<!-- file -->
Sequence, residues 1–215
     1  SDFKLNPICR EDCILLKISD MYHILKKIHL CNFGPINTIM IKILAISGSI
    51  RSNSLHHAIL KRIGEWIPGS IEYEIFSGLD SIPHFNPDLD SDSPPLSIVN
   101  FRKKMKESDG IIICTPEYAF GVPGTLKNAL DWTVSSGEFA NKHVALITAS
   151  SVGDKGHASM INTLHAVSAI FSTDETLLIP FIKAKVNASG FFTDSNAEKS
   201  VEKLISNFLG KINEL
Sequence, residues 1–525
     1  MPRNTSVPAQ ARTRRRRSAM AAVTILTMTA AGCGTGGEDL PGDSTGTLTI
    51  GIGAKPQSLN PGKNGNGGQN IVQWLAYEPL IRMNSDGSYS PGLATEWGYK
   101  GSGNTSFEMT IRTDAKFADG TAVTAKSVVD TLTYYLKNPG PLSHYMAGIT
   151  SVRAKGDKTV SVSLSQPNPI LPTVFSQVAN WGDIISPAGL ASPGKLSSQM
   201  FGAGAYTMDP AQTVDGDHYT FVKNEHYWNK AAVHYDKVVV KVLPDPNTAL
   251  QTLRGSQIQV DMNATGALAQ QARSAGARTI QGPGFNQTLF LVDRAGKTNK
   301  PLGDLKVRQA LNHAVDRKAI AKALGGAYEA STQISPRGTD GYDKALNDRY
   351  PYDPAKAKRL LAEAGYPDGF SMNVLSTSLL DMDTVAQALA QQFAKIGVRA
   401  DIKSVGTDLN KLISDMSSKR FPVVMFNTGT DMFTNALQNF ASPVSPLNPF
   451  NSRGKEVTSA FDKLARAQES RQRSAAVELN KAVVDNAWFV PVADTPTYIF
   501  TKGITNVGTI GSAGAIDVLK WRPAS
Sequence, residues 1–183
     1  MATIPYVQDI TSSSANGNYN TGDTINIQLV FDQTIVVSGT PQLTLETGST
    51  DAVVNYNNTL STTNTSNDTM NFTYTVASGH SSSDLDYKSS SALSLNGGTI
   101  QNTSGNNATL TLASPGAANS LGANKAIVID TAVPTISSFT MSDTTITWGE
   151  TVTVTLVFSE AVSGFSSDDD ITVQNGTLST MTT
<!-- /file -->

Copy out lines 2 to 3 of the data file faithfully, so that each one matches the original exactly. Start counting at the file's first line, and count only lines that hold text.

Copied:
     1  SDFKLNPICR EDCILLKISD MYHILKKIHL CNFGPINTIM IKILAISGSI
    51  RSNSLHHAIL KRIGEWIPGS IEYEIFSGLD SIPHFNPDLD SDSPPLSIVN